The 48-hour extension for Qatar to cave to the huge demands of other Arab states has passed, and, hardly surprisingly, Qatar has refused to surrender. It would indeed have been impossible for Qatar to have met the terms, which raises an important question - why would the Arab states make demands that they knew were impossible for Qatar to fulfill?
The answer is that the entire crisis has been designed to be a very public punishment of Qatar.
Punishment of Qatar for attempting to forge its own path in the current tumult in the Middle-East, and for refusing to distance itself from Iran and the region's Islamists.
Punishment to be used as a platform to highlight the new Middle-East - as Saudi Arabia, the UAE, Egypt and its allies see it - making a global statement that the Arab world are actively united against the dramatic threats they perceive Iran, and separately ISIS/IS/Daesh, to be.
Qatar has managed over the last decade to gain remarkable prominence on the international stage considering its tiny size - it used its gas wealth to become a truly global economic force and a powerful player in Arab and Islamic politics, successfully bid for the FIFA World Cup, and reached millions globally through the al Jazeera broadcast and news platforms and its high-profile national airline.
All the while Qatar sought to attain an 'Everyone's Friend' status: to become not just a key regional go-between, but the state you can't achieve regional political and economic objectives without. This 'strategic neutrality' has until recently worked very well, allowing Qatar to maintain relations and influence from the Gaza Strip to Iran to the Taliban in Afghanistan - but as the region has been dramatically redefined by the Arab Spring and the emergence of ISIS/IS/Daesh this stance is now seen as a threat to other Arab states.
You can't be neutral anymore in the new Middle-East, you have to take sides - or so Saudi Arabia and its allies now demand.
Driving this are two conflicts - firstly, and most importantly, a Sunni-Shia rivalry, defined by Arab Sunnis at odds with the Shiites running Iran and their allies; Secondly the battle for who represents the Sunnis in this rivalry - will it be the pragmatic, Western-orientated governments, or the Islamist and Jihadist extremist?
Both Iran and ISIS/IS/Daesh are seen (though in very different ways) as waging war on the prevailing regional status-quo, and thus represent immediate existential threats to the region's existing Arab states. The 'neutrality' of Qatar - itself a Sunni Arab state - is thus seen as a rejection of the true reality, and so other Sunni Arab states have decided to force Qatar's hand.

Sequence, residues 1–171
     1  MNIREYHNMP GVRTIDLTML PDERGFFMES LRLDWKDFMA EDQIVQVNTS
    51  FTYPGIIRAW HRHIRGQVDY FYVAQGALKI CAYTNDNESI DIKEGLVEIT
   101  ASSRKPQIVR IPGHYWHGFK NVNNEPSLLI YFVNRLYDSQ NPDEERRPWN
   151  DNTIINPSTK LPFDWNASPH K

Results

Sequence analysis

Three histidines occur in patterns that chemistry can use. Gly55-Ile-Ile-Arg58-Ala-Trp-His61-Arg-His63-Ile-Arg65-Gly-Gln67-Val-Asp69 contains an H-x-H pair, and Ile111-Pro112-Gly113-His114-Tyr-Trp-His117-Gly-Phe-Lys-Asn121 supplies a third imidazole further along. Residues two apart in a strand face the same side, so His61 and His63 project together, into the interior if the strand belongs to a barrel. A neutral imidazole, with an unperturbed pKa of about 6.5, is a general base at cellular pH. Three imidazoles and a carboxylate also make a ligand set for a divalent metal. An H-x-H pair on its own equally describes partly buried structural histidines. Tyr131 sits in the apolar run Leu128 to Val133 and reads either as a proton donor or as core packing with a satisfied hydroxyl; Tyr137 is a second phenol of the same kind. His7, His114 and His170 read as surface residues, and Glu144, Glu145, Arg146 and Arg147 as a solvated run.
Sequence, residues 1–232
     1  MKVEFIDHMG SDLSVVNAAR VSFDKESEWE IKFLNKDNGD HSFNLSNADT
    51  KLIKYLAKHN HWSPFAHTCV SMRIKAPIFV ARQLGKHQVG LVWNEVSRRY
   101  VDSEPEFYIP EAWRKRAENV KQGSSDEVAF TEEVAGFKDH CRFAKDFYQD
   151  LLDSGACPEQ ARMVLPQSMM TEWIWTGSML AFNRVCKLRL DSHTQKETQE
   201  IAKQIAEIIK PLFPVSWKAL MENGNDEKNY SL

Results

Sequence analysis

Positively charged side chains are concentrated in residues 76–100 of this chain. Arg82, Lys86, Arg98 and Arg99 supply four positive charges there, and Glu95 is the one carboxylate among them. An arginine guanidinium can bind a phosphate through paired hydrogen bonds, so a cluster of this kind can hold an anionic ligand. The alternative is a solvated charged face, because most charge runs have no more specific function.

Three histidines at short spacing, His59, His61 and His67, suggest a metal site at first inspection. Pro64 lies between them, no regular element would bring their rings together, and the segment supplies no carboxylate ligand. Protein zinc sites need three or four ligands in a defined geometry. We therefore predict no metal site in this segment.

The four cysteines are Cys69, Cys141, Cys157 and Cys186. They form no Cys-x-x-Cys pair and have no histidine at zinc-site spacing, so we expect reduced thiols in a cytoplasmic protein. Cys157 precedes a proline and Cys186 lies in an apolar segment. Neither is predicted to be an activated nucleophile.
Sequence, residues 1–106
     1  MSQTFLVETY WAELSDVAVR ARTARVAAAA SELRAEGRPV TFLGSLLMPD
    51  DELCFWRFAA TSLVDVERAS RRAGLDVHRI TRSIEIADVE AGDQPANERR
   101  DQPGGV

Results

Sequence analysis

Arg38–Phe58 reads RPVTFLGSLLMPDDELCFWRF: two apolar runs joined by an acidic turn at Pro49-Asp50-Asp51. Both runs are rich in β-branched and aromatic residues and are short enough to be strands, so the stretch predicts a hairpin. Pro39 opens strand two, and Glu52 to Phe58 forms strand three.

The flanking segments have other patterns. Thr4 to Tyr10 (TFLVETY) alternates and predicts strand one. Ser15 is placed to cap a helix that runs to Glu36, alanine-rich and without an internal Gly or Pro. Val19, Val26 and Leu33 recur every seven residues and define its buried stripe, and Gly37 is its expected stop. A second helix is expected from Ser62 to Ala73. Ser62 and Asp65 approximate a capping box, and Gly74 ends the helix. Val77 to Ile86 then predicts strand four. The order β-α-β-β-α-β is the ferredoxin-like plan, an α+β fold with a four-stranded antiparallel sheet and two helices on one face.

So the public justification for the demands upon Qatar have focused on insisting on change in these two areas - the connection with Iran (and Shiites in the region that Iran supports), and any political and financial links with key Islamists. (However hypoctritical this may be - http://www.bbc.co.uk/news/uk-politics-40496778).
Accusations that Qatar has turned a blind eye to the financing of ISIS/IS/Daesh are hardly new, an issue that has been frustrating the US and Gulf Arab states for years. Back in October 2015 US Treasury Undersecretary for Terrorism + Financial Intelligence David Cohen publicly singled out Qatar as a “permissive jurisdiction” for terrorist financing that directly and significantly helps fund ISIS/IS/Daesh.
But the demand for Qatar to distance itself from the Muslim Brotherhood and Hamas is as noteworthy. In the past there was no issue with support for Hamas, for example, because they were fighting Israel, the default Arab enemy. But today priorities have changed - in this new Sunni v Shia reality, Hamas' self-designation as Islamists pursuing Jihad places them in the enemy camp, especially for Egypt, the host of today's meeting of the Arab states isolating Qatar.
There are also more subtle, and far more cynical, agendas at play - the demand for Qatar to close-down al Jazeera is an attempt to stifle the 'informational democracy' that played such a role in the Arab Spring, as these Arab states attempt to consign protests to the past and solidify their own (very undemocratic) domestic socio-political status-quo. This demand is purely about censorship, not counter-terrorism.
The punishment of Qatar will increase in coming days, weeks and months - with Trump's decision to be 'hands-off' in the region, combined with the ever-growing fear of Iran and the jihadists dominating regional politics, Qatar will for now be the sacrificial lamb.
It is a statement of intent and a warning to all the Arab world - no longer will profiting by navigating a middle ground be tolerated, its time to choose sides once and for all.
The Arab states isolating Qatar are thus championing the old adage 'Stand in the middle of the road, and you will get run over' !